We’ve made this point many times on this website. You know why the Colorado doesn’t flow into the ocean? Why Chernobyl blew up? Why BP felt it was safe (from a business standpoint) to drill 1 mile below the surface of the Gulf of Mexico? Why rain forests are being depleted around the world? Why the Aral Sea is no longer a sea? Why oceans are toxic waste dumps? Why nothing lives in the rivers in China any longer? 2 things, lack of property rights and/or big government.
It’s a familiar libertarian insight that regulation often holds government itself to lower standards than it does private actors.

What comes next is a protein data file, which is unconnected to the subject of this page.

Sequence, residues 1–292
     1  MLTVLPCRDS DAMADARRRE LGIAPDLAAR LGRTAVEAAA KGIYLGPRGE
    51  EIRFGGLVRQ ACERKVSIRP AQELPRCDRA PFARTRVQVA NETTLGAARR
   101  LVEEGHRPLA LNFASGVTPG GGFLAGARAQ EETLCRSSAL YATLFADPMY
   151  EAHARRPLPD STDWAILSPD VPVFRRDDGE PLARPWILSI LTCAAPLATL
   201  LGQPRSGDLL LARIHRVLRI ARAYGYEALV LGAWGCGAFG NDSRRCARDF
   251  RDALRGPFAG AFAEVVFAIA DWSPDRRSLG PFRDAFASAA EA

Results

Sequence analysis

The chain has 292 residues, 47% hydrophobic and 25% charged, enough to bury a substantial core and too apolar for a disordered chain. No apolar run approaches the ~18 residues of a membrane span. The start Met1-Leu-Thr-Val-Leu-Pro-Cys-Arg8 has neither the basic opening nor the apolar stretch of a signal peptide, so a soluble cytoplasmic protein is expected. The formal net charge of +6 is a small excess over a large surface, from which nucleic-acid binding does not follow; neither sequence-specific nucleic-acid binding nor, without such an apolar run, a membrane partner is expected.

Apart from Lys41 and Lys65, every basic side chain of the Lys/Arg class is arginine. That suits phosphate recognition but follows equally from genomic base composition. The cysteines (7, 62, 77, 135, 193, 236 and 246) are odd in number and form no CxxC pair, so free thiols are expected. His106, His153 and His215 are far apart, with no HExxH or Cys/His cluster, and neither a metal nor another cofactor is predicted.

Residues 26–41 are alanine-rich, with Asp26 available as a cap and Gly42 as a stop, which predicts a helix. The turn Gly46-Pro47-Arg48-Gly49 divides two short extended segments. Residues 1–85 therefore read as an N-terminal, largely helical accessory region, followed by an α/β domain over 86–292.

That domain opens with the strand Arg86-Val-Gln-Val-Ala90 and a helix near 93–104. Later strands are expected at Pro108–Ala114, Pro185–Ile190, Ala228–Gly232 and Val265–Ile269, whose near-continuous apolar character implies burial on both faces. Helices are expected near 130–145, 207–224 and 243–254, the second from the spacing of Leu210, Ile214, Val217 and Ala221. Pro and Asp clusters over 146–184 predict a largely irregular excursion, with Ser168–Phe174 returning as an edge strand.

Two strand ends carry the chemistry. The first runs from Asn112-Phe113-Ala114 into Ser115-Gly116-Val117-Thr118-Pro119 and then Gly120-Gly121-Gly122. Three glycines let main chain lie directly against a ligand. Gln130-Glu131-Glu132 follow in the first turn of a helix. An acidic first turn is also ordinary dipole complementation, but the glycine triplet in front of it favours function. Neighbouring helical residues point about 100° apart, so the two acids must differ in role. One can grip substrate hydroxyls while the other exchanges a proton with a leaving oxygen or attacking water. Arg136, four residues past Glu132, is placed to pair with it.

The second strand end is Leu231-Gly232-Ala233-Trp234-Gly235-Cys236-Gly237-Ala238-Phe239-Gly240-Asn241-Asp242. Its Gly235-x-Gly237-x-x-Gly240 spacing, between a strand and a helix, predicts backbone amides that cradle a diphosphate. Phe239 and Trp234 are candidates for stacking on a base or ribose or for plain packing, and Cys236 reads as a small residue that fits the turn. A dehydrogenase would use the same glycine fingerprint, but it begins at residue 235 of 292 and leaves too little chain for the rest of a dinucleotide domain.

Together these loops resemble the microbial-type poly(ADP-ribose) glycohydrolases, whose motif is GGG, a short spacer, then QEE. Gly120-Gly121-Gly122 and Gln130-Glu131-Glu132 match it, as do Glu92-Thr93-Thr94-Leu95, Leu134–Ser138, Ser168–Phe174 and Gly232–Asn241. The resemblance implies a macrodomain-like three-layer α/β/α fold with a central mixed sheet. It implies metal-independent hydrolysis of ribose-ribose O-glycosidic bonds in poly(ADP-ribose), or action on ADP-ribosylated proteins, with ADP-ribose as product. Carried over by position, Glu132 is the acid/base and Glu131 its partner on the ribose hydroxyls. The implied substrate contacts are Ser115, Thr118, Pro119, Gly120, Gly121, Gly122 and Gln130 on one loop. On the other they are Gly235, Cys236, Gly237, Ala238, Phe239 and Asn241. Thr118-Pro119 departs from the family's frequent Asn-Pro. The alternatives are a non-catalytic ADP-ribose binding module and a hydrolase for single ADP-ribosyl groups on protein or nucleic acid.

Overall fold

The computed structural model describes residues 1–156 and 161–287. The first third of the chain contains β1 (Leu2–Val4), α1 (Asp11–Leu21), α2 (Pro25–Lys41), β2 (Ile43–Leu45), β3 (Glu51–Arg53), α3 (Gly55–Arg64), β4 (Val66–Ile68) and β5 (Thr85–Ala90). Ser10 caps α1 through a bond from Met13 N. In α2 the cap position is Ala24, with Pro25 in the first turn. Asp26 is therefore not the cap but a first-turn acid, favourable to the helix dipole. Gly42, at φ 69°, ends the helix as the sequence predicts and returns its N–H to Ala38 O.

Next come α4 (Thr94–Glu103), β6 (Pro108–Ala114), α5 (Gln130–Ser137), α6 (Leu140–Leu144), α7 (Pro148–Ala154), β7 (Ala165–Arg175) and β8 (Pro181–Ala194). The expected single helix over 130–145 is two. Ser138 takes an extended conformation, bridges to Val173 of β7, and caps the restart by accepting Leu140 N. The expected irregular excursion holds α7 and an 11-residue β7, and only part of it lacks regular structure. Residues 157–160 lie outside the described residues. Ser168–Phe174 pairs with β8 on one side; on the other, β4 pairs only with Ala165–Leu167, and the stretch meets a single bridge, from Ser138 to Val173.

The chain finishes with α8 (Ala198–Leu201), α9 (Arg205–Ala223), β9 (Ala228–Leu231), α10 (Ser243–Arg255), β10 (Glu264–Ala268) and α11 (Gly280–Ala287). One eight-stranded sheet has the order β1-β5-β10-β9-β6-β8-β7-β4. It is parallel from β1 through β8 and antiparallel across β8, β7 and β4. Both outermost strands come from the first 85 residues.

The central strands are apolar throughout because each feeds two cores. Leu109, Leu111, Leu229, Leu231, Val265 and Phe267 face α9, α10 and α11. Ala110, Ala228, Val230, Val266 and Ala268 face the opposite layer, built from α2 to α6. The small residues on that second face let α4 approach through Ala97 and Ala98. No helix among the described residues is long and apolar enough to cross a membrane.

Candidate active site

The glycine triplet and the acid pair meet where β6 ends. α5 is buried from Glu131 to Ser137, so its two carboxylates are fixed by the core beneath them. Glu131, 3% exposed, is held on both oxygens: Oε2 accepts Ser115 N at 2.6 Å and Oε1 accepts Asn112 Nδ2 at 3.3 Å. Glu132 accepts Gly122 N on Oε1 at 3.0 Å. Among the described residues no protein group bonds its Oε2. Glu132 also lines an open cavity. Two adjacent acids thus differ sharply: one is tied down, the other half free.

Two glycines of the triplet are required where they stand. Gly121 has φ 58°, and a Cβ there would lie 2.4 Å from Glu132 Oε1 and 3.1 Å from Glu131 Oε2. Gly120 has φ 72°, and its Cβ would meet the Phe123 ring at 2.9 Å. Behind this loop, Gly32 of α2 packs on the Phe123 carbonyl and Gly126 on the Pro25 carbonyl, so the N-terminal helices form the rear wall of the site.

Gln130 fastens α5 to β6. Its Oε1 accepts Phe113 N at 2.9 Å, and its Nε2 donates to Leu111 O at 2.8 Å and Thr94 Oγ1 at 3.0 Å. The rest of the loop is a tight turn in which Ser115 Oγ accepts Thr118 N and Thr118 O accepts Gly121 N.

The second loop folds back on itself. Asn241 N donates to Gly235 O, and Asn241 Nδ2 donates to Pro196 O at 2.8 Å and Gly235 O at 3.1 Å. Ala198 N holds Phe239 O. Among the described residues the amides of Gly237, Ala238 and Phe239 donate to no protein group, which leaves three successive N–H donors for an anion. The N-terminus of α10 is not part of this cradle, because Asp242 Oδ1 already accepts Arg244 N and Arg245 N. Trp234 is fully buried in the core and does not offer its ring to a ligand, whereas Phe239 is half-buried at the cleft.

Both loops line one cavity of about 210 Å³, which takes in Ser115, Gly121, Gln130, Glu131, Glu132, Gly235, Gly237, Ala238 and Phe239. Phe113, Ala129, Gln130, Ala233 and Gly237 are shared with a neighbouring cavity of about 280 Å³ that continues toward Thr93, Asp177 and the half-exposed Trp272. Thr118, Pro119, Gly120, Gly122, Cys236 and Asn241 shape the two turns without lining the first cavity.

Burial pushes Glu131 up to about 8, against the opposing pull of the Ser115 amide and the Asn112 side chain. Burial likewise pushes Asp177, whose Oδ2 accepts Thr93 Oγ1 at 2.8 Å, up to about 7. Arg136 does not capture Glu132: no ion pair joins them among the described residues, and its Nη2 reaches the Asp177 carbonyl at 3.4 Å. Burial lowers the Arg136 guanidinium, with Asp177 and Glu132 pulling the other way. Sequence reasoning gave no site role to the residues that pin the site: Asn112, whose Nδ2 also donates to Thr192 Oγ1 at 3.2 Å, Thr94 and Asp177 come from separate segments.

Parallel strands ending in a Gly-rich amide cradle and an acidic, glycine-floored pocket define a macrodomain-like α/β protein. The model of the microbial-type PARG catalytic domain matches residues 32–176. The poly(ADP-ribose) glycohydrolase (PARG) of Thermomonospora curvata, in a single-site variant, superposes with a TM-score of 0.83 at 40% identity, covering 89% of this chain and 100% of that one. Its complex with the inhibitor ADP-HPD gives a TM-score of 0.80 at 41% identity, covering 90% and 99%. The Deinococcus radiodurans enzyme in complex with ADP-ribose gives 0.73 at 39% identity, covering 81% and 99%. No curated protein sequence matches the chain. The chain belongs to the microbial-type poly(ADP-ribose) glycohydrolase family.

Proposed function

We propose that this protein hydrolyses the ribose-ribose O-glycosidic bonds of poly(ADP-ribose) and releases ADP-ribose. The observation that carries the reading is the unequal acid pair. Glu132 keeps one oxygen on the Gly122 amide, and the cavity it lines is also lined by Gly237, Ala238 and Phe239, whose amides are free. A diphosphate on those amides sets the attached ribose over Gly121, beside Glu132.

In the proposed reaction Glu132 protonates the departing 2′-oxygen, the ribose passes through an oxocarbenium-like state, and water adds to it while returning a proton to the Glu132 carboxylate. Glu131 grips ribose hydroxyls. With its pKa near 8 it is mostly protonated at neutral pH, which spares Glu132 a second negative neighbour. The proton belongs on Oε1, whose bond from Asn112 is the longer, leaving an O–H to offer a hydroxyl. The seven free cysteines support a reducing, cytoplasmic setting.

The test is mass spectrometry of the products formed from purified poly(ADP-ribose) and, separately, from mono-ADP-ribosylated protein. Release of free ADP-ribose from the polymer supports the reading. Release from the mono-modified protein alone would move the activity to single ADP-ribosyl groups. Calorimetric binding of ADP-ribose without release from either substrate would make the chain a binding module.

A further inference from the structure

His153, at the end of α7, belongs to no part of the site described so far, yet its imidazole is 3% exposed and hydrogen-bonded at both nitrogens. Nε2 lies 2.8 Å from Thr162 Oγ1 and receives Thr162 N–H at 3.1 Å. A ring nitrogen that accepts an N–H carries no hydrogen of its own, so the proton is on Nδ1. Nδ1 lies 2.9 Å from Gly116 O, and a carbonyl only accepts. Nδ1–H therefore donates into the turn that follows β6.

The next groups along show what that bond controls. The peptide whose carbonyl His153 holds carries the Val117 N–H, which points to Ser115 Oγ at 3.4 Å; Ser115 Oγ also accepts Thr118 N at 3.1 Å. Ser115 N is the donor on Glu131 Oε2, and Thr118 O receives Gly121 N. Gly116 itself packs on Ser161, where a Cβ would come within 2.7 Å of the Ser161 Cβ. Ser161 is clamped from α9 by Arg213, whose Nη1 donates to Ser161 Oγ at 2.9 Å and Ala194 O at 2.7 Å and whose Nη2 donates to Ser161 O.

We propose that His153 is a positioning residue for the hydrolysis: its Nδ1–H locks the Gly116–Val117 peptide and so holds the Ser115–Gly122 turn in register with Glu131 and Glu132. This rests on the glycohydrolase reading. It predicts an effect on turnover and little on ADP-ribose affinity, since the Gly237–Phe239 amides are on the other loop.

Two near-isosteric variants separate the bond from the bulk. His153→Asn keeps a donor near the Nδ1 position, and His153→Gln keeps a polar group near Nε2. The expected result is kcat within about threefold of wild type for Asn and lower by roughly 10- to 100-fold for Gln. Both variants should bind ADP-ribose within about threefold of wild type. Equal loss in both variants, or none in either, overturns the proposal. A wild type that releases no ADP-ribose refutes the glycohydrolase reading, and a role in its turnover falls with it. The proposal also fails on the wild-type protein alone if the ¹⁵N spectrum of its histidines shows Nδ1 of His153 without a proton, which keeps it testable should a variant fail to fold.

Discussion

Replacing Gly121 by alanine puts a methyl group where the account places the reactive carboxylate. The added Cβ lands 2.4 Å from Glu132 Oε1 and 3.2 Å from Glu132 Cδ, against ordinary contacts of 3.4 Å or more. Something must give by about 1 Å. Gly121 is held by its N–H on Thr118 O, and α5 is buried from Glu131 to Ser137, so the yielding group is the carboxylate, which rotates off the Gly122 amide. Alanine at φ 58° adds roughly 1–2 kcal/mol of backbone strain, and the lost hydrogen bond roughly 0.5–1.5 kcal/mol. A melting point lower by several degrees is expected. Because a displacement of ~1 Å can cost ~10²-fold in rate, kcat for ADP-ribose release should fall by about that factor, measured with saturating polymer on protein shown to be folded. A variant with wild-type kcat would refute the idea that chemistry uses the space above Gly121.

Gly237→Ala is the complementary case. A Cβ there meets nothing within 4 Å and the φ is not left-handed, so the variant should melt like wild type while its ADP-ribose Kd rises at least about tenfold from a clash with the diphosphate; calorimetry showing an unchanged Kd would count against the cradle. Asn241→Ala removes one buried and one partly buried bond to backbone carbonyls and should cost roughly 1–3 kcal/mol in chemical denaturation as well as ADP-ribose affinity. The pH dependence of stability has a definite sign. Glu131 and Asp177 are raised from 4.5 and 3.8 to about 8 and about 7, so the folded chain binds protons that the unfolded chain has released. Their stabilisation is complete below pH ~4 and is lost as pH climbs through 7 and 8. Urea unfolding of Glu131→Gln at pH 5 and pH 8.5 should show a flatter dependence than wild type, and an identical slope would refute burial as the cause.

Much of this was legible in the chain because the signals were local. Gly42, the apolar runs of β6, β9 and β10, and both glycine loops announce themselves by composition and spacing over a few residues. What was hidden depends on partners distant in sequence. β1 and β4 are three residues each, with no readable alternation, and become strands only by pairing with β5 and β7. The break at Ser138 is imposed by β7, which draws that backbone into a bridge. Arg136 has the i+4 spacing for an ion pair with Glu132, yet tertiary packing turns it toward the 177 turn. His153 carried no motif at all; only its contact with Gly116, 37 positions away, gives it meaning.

Pension funds for public employees are mostly immune from the federal solvency and funding requirements that apply to their private counterparts; Federal Trade Commission rules against false advertising by profit-seeking companies do not restrain false advertising by government actors on the same topics; the FTC can fine companies massively for data breaches even as the federal government itself suffers gigantic losses of sensitive data to foreign actors with few career consequences for many of those who had dozed; anticompetitive practices that are per se illegal under antitrust law become legal when states do them, and so forth and so on.
Now David Konisky of Indiana University and Manuel Teodoro of Texas A&M, in a study published by the American Journal of Political Science entitled “When Governments Regulate Governments,” have pulled together some data: